I grew up playing ping-pong as a kid, winning my share of school championships. In San Francisco, I won an employee competition for The Sharper Image, where I was doing some consulting. Today, our Richmond-based Broadbent Selections company culture is as much about my golden retriever coming to work every day as it is about the epic table tennis games stretching late into the night following trade wine tastings. I think of myself as someone who can have a good game with anyone. When I heard the JCC on Monument Avenue sets up tables every Wednesday evening and Saturday afternoon, I trotted along thinking I’d make my name there as some sort of ping-pong whiz kid.
Chun San Li (left) plays Stephen Cooke at the JCC. (Photo by Ash Daniel)
First impressions: six tables. Players lunging, jumping, hunched over to serve, bodies contorted as if they’re inventing new yoga moves. The room reverberating with the kind of squeaks and thuds I associate with a VCU Rams basketball game; the rapid tick-tock of ping- pong balls hitting tables at eye-watering speeds. They play best of five to 11 points, alternating the serve every two points. Winning player keeps the table. My first match of three games, I was up against the formidable Dana Hanson. I scored about two points per game. Second match, I faced one of the club’s two Davids. He charitably conceded three points per game. Third match, I’m up against the other David, who says, “This is pointless, I’ll give you a lesson.”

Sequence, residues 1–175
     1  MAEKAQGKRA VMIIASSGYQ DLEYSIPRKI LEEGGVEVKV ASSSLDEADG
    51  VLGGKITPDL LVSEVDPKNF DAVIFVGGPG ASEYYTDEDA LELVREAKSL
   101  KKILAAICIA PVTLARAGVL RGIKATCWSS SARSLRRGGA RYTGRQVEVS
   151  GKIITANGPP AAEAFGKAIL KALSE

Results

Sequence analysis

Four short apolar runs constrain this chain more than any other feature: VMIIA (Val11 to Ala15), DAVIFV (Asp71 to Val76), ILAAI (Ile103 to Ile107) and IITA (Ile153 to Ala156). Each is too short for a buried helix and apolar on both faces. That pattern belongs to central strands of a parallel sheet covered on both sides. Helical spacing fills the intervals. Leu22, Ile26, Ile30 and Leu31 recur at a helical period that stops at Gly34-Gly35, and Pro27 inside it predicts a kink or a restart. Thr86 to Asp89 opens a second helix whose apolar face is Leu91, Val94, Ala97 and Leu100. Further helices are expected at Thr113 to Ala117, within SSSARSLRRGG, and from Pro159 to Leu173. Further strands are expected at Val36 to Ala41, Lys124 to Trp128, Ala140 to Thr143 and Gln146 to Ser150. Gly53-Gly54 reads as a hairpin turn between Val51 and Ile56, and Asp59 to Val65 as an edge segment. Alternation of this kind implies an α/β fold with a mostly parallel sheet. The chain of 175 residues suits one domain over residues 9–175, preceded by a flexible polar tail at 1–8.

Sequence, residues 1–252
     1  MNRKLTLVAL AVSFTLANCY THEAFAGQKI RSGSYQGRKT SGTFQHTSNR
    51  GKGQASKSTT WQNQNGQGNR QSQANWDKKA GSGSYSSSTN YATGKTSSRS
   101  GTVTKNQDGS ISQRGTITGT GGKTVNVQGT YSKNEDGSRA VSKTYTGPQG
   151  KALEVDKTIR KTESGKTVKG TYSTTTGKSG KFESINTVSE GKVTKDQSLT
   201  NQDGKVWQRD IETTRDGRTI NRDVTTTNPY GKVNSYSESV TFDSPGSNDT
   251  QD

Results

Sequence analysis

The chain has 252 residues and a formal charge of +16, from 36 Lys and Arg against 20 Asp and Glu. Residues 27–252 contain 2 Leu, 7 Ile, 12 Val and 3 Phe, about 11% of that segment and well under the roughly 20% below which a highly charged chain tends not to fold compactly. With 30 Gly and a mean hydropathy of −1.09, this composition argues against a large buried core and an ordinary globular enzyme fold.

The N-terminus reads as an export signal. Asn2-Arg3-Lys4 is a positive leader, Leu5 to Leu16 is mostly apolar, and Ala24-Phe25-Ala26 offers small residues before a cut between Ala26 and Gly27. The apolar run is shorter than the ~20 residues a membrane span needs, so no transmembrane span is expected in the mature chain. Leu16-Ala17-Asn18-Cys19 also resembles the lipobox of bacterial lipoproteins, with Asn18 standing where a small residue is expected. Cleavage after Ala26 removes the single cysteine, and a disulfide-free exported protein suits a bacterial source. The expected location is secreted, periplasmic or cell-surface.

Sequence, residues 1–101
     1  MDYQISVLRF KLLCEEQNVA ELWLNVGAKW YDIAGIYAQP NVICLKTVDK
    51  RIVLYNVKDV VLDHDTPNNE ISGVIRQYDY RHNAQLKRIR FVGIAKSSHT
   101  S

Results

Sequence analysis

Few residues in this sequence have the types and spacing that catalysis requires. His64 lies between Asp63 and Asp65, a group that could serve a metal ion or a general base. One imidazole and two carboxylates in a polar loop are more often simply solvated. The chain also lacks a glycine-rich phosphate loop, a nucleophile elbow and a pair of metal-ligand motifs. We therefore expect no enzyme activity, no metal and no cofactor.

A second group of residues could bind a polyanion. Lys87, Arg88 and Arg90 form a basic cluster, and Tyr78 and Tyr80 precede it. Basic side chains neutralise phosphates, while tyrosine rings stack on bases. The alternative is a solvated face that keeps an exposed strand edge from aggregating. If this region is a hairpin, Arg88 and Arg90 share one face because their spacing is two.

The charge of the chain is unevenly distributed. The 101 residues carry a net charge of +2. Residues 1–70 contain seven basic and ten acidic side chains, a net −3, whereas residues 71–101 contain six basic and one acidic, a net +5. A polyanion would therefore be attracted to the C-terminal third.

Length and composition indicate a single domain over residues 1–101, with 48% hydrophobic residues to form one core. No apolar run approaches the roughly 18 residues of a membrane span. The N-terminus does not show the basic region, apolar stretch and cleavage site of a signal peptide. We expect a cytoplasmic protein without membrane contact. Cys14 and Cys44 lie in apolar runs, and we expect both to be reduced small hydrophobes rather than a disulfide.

And so was my introduction to the Richmond Table Tennis Club. Several of its players would rank among this country’s 300 or 400 top players, but one, Tao Li, narrowly missed China’s National Team. She moved to the U.S., where she currently ranks 24th in women’s table tennis, down from her peak of the 17th best player. JCC players David Albright and David Sterling – yes, the Davids who crushed me — both trained in China. Lewis Bragg used to play against U.S. champion Sean O’Neill.
Richmond Table Tennis Club player Tao Li. (Photo by Ash Daniel)
Established around 1977, the Richmond Table Tennis Club settled 15 years ago at the JCC. After soccer, table tennis is arguably the world’s most widely played sport. On any Wednesday or Saturday, you’ll find what may be the most international scene anywhere in Richmond. The games draw players from across the state and beyond. Once, five French-speaking players showed up, each from a different African nation.
The club has about 15 to 20 regular players, several of whom travel the world watching table tennis championships. Its leader, the Swedish-trained Hanson, 67, is gearing up to play in the 2018 over-40s world championship in Las Vegas, where they expect a record-breaking attendance of 5,000 competitors. With a 40-year-old’s physique, Hanson muses, “Table tennis keeps me young; that’s what the girls say, anyway.”
JCC members play for free, but for $5, anyone can play and everyone is welcome, though few return without first seriously upping their game.
As for me, I own two tables and I’m the reigning Country Club of Virginia champion, but at the JCC, I’m what they call a “garage player!”